With tribute to:

Martin Spirit

James Paul

Co-written by:

David Carter

Britain's Small Wars

The preservation of British Military History

Korea 1950 - 1953

"A Police Action?"

Major K. Muir's VC

Major Kenneth Muir (50980)
The Argyll & Sutherland Highlanders (Princess Louise's)
London Gazette, 5th January, 1951.

On 23rd September, 1950, "B" and "C" Companies of the 1st Battalion The Argyll and Sutherland Highlanders attacked an enemy-held feature, Hill 282, and by 08:00hrs had consolidated upon it.

Some difficulty was experienced in evacuation the wounded from the position and demands were made for stretcher bearing parties to be send forward by the Battalion. At this juncture the position came under mortar and shell fire.

At approximately 09:00hrs small parties of the enemy started to infiltrate on the left flank, necessitating the reinforcing of the forward platoon. For the next hour this infiltration increased, as did the shelling and mortaring, causing further casualties within the two companies.

Major Kenneth Muir

By 11:00hrs casualties were moderately severe and some difficulty was being experienced in holding the enemy. In addition, due to reinforcing the left flank and to providing personnel to assist with the wounded, both companies were so inextricably mixed that it was obvious that they must come under a unified command. Major Muir, although only visiting the position, automatically took over command and with complete disregard for his own personal safety started to move around the forward element, cheering on and encouraging the men to greater efforts despite the fact that ammunition was running low. He was continually under enemy fire, and , despite entreaties from officers and men alike, refuse to take cover.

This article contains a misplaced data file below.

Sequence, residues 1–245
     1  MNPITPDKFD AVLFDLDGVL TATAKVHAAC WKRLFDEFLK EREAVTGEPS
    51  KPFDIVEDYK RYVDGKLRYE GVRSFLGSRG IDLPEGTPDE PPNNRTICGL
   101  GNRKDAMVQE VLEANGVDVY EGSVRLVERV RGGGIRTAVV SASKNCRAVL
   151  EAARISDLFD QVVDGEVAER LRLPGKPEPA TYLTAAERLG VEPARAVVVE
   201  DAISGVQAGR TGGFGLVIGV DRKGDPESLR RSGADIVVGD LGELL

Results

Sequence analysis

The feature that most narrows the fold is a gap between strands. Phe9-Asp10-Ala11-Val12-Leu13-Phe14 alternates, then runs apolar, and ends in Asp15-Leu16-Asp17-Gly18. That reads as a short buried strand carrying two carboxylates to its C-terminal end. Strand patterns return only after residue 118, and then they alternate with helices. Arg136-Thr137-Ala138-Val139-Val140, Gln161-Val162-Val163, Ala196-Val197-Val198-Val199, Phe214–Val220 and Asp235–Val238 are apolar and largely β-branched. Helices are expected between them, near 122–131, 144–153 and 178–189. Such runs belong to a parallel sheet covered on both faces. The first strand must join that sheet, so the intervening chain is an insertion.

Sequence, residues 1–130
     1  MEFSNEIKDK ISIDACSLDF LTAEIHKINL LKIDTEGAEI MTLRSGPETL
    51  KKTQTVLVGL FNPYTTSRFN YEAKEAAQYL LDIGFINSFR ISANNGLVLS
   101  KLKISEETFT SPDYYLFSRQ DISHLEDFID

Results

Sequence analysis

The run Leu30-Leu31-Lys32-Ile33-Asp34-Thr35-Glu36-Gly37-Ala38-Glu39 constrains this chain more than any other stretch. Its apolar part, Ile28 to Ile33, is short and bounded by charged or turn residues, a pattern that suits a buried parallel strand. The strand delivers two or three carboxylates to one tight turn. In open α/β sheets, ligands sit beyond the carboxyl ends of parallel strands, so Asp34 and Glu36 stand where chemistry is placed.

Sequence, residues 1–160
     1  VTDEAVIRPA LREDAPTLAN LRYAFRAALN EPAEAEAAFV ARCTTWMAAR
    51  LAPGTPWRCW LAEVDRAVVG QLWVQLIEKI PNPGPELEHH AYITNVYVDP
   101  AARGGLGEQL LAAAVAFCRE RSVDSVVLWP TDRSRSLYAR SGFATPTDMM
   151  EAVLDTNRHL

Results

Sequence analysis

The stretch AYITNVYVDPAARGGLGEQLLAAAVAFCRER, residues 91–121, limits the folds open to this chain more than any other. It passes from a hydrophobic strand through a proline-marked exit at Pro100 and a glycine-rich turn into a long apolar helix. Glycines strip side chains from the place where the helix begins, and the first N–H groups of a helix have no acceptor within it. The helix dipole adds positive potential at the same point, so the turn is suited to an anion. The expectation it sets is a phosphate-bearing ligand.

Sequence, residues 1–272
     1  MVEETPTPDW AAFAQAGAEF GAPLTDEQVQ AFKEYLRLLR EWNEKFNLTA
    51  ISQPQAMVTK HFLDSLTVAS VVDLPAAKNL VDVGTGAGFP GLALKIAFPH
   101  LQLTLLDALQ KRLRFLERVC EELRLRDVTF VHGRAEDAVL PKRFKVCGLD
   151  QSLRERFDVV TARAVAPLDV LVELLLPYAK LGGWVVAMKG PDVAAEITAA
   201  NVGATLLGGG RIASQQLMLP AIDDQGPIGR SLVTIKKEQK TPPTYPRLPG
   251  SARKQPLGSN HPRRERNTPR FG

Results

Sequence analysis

An air-strike against the enemy was arranged and air recognition panels were put out on the ground. At approximately 12:15hrs the air strike came in, but unfortunately the aircraft hit the companies' position instead of that of the enemy. The main defensive position was hit with fire bombs and machine-gun fire, causing more casualties, and necessitating the withdrawal of the remaining troops to a position some fifty feet below the crest. There is no doubt that a complete retreat from the hill would have been fully justified at this time. Only some thirty fighting men remained and ammunition was extremely low. Major Muir, however, realized that the enemy had not taken immediate advantage of the unfortunate incident and that the crest was still unoccupied although under fire.

With the assistance of the three remaining officers, he immediately formed a small force of some thirty all ranks and personally led a counter-attack on the crest. To appreciate fully the implication of this, it is necessary to realize how demoralizing the effect of the air-strike had been and it was entirely due to the courage, determination and splendid example of this officer that such a counter-attack was possible. All ranks responded magnificently and the crest was retaken.

From this moment on, Major Muir's actions were beyond all possible praise. He was determined the wounded would had adequate time to be taken out and he was just as determined that the enemy would not take the crest. Grossly outnumbered and under heavy automatic fire, Major Muir moved about his small force, redistributing fast diminishing ammunition, and when the ammunition for his own weapon was spent he took over a 2-inch mortar, which he used with very great effect against the enemy. While firing the mortar he was still shouting encouragement's and advice to his men, and for a further five minutes the enemy were held. Finally, Major Muir was hit with two bursts of automatic fire which mortally wounded him, but even then he retained consciousness and was still determined to fight on. His last words were: "The Gooks will never drive the Argylls off this hill."

The effect of his splendid leadership on the men was nothing short of amazing and it was entirely due to his magnificent courage and example and the spirit which he imbued in those about him that all the wounded were evacuated from the hill, and, as was subsequently discovered, very heavy casualties inflicted on the enemy in defence of the crest. - London Gazette, 5th January, 1951.

Picture of Major Kenneth Muir

Information provided by Ed Hansen